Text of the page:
“So. Why is… well… this” - and I pointed at the chest - “... so dangerous? I heard a few things from the Akagi family. But apparently, Hin didn’t even tell much to his own.”
Elbert nodded. “It was a secret that he couldn’t share. Only some details.”
“I don’t understand. Why did Hin replant the seed in the first place? Was the greed just so big? Why didn’t he keep it in a chest, locked, hidden away, and never planted?”
“Because that was impossible,” Aldrynte said, taking hold of the glass as well, looking at the liquid. “The seed holds a powerful curse. It wants to be planted. And it will get what it wants sooner or later.”
“I don’t follow,” I muttered. Well, I did have some ideas, but none of them mattered. Aldrynte looked at her father, expectedly.
“Fine,” he said, placing his own glass down.
“Just like you’re thinking right now, the first plan was to never plant it again. But around three months of it being locked away, Hin began to see dreams of the tree. The tree warned him, telling him to plant the seed. It was like a lucid dreaming; he knew it was a dream, but he wasn’t entirely in control. He could also ask questions and get some answers. But those dreams came always back.
“More days passed, and he began to sleep even less. Life started to be all about the seed. And the seed did warn him that if he would not break, he would start hurting others too until someone would do it.
“Of course, Hin discussed it with the observer, Cirgad, and tried to figure out a way to buy some time or keep it locked away. At some point, they even got the seed locked somewhere far away, where no soul lived. But even then, he would see the dreams, getting contacted by the seed. He said that when the seed was on the island, he would see the island in the background, telling exactly where it was located. All he ever felt was the need to find it, and plant it. It was driving him mad.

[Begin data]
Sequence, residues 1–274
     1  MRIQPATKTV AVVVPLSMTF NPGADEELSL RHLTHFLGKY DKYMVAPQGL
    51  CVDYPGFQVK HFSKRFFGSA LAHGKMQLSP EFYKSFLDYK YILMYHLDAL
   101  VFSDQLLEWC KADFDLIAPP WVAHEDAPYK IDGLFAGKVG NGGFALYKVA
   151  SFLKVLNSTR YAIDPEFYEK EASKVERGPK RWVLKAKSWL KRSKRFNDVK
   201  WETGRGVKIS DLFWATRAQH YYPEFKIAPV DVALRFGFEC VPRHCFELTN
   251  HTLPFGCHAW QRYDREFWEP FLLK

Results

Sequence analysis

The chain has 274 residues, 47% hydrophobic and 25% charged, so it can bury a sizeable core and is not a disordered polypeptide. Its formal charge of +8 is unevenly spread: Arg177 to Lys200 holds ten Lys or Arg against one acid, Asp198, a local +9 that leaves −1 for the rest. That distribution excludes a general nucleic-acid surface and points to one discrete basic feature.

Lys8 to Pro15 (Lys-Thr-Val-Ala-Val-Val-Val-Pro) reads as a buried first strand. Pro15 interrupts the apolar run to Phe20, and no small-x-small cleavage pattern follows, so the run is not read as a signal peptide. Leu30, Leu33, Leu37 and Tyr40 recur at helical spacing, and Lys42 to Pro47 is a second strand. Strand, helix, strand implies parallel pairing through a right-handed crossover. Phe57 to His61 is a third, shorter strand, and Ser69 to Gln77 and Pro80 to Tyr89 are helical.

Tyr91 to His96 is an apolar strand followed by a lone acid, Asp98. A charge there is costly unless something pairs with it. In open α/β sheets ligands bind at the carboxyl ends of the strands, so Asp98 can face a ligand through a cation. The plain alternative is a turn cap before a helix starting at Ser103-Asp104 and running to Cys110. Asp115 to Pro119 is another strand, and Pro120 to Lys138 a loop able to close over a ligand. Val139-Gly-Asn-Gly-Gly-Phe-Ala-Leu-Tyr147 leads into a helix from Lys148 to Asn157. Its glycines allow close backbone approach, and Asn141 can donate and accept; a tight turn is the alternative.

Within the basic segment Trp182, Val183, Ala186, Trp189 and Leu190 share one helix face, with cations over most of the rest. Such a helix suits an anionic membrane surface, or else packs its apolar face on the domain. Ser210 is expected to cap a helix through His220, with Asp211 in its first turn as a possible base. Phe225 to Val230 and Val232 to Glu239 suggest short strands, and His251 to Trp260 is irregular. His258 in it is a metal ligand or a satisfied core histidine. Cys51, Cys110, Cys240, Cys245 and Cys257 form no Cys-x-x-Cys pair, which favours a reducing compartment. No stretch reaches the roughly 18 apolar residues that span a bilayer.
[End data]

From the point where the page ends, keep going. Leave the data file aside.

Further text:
“According to the tree, it was a curse from the other gods. Hin and Cirgad became desperate. But they realized that they needed to plant it before Hin lost his mind and had no longer control over it. Once planted, it cannot be unrooted, until the tree gives his seed away willingly.
“So they thought of every place where to plant. Perhaps hide it on difficult terrain, somewhere on the mountain, making a dragon to protect it. But as they realized how the tree can corrupt someone heart with greed, it was too dangerous. Even if the dragon has a strong will, there was nothing worse than an old dragon who has been overtaken by the greed. History talks of a few such dragons. Stories of dragons gathering an endless amount of gold...
“There was also an idea of planting it somewhere where no soul lives and just leaving it there. But we knew that someone would find it eventually, even if it was accidental. Someone who flies might see it. It was too risky.
“Then they thought about how the seed managed to survive on the Barren Lands in the first place? They reached a conclusion, that since the surrounding was corrupted and full of evil anyway, filled with greedy monsters, they didn’t care enough. And the land wasn’t fertile, so the tree could grow only that much. But he did try.